The educational development of each child is when nature versus nurture truly comes into play. An important aspect in child development in a blended family is making sure their education is at its best.
Genetics plays a significant role in our abilities to grasp a concept, and some kids will need more nurturing than others to achieve the same results. Throughout school, children must be celebrated for the successes that are achievements for them and not be compared to each other.
For this one, we’re throwing the concept of the blended family out the window and focusing solely on the roles of parents (regardless of relation) in making sure that each child is hitting the appropriate developmental milestones or getting the extra help they need.
All parents should be in every meeting with the teachers if possible. If not, an open and honest dialogue needs to happen regularly to keep everyone up to date. Each parent should understand what each child is learning and what is expected developmentally at every grade level.
If a child is struggling and needs evaluation resulting in an IEP or 504, every guardian needs to be aware of what’s in that document and how it affects the child’s day-to-day.
This is a team effort between the parents and teachers to bring the child to their utmost potential, and each parent adds value to the experience by bringing a different thought process and set of skills to the situation. Children do best when they have a support system focused on them, not on the disparities between the co-parents.
Our eldest child had an IEP, and we mirrored the contents at home.
Even though he was my bonus child, I was still the one helping with math homework and reading daily. If I hadn’t been fully aware of how he was taught within the school, I wouldn’t have been able to teach him in a way that he could process the information.
Similarly, sometimes I was the only one available for the meetings. I would have frequent talks with his mother and father about his progress and always made sure they knew when meetings were being held and what the results were. This open communication was imperative to his success as he navigated middle school and high school.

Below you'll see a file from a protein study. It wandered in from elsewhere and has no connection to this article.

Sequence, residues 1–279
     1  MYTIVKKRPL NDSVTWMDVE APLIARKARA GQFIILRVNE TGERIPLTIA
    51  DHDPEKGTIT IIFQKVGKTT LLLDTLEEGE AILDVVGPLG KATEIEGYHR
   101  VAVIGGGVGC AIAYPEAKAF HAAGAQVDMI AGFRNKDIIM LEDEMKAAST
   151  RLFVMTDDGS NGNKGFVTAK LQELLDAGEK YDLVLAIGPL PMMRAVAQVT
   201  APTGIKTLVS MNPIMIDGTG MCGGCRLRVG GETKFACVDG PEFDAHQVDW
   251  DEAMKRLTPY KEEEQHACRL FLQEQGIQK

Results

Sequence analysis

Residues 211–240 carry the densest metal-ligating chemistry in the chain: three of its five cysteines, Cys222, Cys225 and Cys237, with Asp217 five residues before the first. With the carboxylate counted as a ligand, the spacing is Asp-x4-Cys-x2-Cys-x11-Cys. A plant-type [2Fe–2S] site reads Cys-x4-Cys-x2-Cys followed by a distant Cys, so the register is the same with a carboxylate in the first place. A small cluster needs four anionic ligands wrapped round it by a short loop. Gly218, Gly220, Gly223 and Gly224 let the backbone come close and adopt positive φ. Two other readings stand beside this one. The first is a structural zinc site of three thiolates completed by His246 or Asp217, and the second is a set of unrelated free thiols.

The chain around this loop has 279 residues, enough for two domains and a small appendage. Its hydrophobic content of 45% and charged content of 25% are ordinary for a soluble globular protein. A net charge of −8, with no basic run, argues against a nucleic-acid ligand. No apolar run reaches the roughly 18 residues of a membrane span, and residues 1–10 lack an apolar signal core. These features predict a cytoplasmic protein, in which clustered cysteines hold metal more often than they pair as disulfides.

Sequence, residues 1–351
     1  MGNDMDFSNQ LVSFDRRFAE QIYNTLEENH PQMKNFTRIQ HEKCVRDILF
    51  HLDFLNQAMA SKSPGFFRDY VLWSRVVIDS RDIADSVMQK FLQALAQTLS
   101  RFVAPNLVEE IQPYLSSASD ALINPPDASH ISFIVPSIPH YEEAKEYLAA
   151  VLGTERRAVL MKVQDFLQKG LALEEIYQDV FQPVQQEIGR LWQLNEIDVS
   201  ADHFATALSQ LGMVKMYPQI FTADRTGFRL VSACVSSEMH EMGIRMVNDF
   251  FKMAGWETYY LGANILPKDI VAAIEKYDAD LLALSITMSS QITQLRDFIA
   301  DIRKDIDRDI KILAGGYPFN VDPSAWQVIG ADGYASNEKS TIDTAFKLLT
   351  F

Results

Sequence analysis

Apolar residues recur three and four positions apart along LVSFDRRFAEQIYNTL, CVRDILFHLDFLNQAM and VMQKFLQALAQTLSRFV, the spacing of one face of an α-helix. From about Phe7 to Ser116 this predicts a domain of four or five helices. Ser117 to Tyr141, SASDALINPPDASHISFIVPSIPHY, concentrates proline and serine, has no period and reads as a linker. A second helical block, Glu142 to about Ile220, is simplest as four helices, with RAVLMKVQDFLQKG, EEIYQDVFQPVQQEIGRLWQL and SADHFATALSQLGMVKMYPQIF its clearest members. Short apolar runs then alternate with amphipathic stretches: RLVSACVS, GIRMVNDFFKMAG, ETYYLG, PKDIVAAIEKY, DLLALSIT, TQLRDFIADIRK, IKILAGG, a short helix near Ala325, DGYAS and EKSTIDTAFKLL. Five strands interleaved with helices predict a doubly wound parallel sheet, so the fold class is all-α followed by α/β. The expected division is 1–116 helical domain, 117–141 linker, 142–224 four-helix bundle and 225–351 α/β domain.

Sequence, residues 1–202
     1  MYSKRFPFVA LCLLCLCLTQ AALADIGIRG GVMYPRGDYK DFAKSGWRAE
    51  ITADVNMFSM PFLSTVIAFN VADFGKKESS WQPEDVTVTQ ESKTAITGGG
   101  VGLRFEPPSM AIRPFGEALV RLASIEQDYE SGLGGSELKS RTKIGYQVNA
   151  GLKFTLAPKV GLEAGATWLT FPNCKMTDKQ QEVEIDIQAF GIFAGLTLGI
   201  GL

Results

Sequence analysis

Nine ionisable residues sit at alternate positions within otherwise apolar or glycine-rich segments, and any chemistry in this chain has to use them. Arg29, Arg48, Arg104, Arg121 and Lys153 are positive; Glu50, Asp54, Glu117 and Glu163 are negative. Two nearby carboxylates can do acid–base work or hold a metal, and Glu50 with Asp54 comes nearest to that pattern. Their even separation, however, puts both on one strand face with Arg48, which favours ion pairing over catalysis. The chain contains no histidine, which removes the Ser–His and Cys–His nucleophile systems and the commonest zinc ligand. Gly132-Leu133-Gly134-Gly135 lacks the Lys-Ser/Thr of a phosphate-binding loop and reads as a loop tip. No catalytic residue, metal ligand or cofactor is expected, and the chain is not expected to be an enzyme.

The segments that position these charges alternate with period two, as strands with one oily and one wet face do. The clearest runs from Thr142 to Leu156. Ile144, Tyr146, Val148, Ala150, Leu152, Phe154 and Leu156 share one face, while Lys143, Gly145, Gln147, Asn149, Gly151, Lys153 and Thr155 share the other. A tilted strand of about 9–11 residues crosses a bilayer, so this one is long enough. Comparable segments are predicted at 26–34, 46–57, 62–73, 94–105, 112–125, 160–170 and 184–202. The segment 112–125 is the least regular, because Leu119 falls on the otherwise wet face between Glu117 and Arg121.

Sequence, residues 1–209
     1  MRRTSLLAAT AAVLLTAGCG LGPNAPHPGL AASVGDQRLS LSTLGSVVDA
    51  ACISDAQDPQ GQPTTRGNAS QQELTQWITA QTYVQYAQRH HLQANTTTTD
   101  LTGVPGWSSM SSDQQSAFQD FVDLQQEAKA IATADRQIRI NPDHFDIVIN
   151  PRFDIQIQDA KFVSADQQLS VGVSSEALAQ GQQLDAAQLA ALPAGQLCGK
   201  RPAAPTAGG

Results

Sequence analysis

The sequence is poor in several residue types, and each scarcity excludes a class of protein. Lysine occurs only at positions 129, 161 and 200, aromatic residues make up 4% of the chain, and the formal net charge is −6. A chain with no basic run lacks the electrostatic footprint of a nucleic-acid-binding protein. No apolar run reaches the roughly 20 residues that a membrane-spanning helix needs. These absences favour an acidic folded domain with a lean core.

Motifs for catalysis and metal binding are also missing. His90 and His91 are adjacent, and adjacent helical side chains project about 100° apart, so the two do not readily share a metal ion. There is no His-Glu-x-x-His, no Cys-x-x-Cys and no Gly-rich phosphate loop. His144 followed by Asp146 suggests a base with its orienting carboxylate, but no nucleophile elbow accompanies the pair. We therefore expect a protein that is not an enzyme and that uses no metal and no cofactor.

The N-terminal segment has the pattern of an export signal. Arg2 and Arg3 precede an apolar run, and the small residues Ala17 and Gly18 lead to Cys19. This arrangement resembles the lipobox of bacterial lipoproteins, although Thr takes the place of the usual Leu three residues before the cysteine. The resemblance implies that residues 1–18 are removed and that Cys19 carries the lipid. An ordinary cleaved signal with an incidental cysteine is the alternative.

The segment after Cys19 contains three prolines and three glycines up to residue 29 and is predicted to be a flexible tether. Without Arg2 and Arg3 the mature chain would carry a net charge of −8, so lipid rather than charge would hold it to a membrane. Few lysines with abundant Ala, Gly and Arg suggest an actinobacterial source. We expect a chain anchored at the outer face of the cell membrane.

The Takeaway – Child Development In A Blended Family
If a child is not developing at the ideal rate mentally, socially, or emotionally, they cannot succeed educationally, and these developments need to be taken into account and assessed regularly.
Frequently, co-parents blame their counterparts instead of setting aside their differences and working together, resulting in “the blame game,” which adds a level of emotional intensity that a child will pick up on and misconstrue. It also teaches them social cues on how to play the blame game later on.
When it comes to child development in a blended family, you need to remember that you as parents are a united front. Under no circumstances should the child feel that their needs are a burden or that the parents aren’t responsible for ensuring proper development.
By focusing on all three aspects of development, creating an environment where everyone is family, and creating no separation, every child will thrive. It’s okay if thriving means a C+ for one child and an A- for another. This is all about the maximum potential for each child.
Keep a dialogue open with your partner and other co-parents concerning the child’s development, and stay away from buzz words that lay blame if there is an issue. You are adults, and you are all in this together. If you argue about the stepchildren in front of them, they will take the anger as their fault, toppling the hard work you’ve put into their development.
If there is a disagreement, consider finding a neutral third party to help with the dialogue away from the children’s ears.
As always, thank you for your hard work in parenting your children. It is a challenging and often thankless job, but they are our future, and creating kind, compassionate people to lead us into a new age of acceptance is crucial for a world filled with laughter and light instead of hatred and division.